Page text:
It is the same with gold. Who can forget Gordon Brown’s ill-timed decision to sell more than half of the nation’s gold reserves between 1999 and 2002 when the price was at a 20-year-low? The gold price has since trebled and the decision has cost taxpayers £2bn.
This leads me to commodities, the performance of which has been nothing short of phenomenal. Some of these funds have returned more than 150 per cent over the past three years. These mouth-watering returns are bound to catch the eye.
I know I have been tempted to wade in but I am in the same quandary today, as I was a year ago – and a year before that. Is now the wrong time and can this performance can go on?
My scepticism has been heightened by the launch of a new resources fund from Investec. Launches heavily promoted after a decent sector run often get caught out by entering the fold after all the easy money has been made.
But those, including myself, who have ignored the natural resources boom, may be cursing their luck. The sector has gone from strength to strength with the seemingly ever rising oil price playing its part and we are told that the price could go higher still, much higher even. Opec president Chakib Khelil of Algeria has speculated about crude hitting $200 a barrel while some analysts reckon that $250 is not far off the mark.
There is certainly a view that a correction in the sector is imminent, with some analysts drawing parallels with the technology phenomenon. They fear the worst. Those seemingly constant pessimists at Capital Economics reckon that the oil-related boom is akin to the technology boom of the late 1990s where traditional valuations did not apply any more.
The economist warns that it is notable how many times in history that a period of easy money and credit availability has set off a series of booms in stocks, property and often commodities as well, all at around the same time.
“Now that the latest bout of easy credit has come to an abrupt end and housing is a bust, the bubble in commodities is the next one to watch,” it scarily predicts.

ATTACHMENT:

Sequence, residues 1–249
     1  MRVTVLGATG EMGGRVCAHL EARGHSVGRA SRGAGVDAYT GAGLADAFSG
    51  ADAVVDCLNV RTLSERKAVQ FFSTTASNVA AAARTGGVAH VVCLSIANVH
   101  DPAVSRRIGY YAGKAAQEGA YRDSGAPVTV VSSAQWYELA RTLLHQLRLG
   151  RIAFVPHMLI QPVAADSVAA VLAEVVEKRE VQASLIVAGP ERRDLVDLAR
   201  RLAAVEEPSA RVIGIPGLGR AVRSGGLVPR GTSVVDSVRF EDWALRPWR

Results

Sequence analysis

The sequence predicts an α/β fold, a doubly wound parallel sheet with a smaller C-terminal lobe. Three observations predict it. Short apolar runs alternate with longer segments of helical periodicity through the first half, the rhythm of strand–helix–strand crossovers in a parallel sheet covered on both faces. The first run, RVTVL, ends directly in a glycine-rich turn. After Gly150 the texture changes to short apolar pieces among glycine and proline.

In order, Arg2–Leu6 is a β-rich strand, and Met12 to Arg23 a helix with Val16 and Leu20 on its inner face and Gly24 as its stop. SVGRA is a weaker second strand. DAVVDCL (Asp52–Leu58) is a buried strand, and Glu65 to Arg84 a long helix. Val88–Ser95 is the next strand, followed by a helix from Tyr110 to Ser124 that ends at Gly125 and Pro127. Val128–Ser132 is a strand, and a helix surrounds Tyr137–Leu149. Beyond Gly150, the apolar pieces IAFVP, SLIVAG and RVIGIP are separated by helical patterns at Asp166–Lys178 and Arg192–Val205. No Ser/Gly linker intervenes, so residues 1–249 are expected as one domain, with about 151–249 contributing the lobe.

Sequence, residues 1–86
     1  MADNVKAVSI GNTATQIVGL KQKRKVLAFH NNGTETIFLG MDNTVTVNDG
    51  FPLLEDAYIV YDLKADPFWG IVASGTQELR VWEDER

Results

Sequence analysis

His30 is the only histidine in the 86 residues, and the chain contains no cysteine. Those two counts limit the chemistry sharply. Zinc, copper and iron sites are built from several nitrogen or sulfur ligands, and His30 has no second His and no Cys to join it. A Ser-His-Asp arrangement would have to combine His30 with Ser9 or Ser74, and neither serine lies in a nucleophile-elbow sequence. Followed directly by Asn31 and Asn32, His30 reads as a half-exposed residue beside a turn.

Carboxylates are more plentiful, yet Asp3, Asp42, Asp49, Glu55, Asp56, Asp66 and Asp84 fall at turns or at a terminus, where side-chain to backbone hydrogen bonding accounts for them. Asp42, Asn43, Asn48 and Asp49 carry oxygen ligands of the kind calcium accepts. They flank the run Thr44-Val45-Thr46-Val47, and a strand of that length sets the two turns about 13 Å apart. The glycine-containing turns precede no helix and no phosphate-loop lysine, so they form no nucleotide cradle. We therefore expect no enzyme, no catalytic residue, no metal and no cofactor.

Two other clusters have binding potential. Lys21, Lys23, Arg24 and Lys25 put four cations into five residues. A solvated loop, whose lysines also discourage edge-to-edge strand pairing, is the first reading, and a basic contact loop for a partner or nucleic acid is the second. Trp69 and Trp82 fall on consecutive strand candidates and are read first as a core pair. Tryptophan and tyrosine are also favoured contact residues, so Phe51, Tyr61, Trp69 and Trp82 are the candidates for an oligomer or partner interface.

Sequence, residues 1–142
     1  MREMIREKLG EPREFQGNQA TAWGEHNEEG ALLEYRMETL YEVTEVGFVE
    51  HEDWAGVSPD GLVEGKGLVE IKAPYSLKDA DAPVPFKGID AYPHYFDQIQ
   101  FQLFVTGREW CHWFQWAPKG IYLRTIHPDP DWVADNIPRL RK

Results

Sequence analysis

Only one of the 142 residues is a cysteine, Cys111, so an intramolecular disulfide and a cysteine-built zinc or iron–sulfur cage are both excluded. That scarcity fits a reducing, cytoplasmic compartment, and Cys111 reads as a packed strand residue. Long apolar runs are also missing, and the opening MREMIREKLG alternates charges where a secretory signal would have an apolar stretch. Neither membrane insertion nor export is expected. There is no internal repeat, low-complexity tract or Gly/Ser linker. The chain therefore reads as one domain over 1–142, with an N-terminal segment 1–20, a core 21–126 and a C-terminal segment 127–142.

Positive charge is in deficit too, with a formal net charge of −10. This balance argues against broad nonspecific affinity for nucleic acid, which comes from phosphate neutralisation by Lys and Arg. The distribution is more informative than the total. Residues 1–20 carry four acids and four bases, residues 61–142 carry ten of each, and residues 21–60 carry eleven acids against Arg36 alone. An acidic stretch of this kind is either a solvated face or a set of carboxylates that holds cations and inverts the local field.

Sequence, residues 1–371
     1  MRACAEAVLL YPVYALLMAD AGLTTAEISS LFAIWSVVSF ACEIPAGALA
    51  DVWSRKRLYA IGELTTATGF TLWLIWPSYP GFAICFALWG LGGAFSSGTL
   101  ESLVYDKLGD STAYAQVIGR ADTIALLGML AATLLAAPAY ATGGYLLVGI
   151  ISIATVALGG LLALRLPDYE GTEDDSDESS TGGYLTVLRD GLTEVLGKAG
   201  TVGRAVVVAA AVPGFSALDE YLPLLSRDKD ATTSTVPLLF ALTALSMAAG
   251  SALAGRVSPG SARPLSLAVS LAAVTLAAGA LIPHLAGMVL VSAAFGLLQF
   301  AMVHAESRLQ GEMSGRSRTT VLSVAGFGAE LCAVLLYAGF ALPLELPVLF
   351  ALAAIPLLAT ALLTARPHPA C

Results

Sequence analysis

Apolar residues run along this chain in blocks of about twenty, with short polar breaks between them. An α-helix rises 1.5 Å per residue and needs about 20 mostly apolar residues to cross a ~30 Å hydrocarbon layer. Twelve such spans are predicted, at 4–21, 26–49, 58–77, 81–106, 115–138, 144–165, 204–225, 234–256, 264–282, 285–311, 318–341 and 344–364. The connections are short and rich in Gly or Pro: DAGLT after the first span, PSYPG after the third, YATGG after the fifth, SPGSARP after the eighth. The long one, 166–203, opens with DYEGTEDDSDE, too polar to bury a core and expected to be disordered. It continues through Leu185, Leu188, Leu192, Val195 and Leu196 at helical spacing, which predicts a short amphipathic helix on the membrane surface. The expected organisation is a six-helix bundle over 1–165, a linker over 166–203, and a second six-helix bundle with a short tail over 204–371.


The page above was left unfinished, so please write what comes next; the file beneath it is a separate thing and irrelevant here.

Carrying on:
Whether now is the optimum time to be investing in the commodity sector is questionable. For every bear, there is a bull – notably Ian Henderson who runs the JP natural resources fund (which incidentally has returned almost 500 per cent in the past five years). But the argument for investing commodities over the long term looks indisputably compelling.
According to the latest World Energy Report, the emerging nations are going to continue to support and fuel energy prices for the next two decades.
The report reveals that the world’s primary energy needs are projected to grow by 55 per cent between 2005 and 2030, at an average annual rate of 1.8 per cent per year. Demand for oil will reach 17.7bn tons compared with 11.4bn tons in 2005.
But it is the comments made in the Barclays Equity Gilt Study 2008, which analysed the natural resources phenomenon, that struck me the most. They suggest it is a no-brainer. “From an investment perspective, the outlook is reasonably clear, favouring a lasting secular rally in real natural resources prices. The current global slowdown will probably soften prices and some stage. However, unless one chooses to believe that the developing economies are willing to arrest their rising prosperity at prevailing levels, the long run trajectory for raw material and energy prices is firmly upward.”
It is not surprising that Henderson reckons it is madness not to have any exposure at all to natural resources in portfolios – this is despite his honesty that it could be a bumpy ride.
“Having 30 per cent exposure may be a bit much,” he says. “But certainly portfolios should have at least 15 per cent.”
Given Henderson’s credentials, it would be foolish to dismiss them out of hand.
Paul Farrow is personal finance editor at the Telegraph Media GroupMoney Marketing
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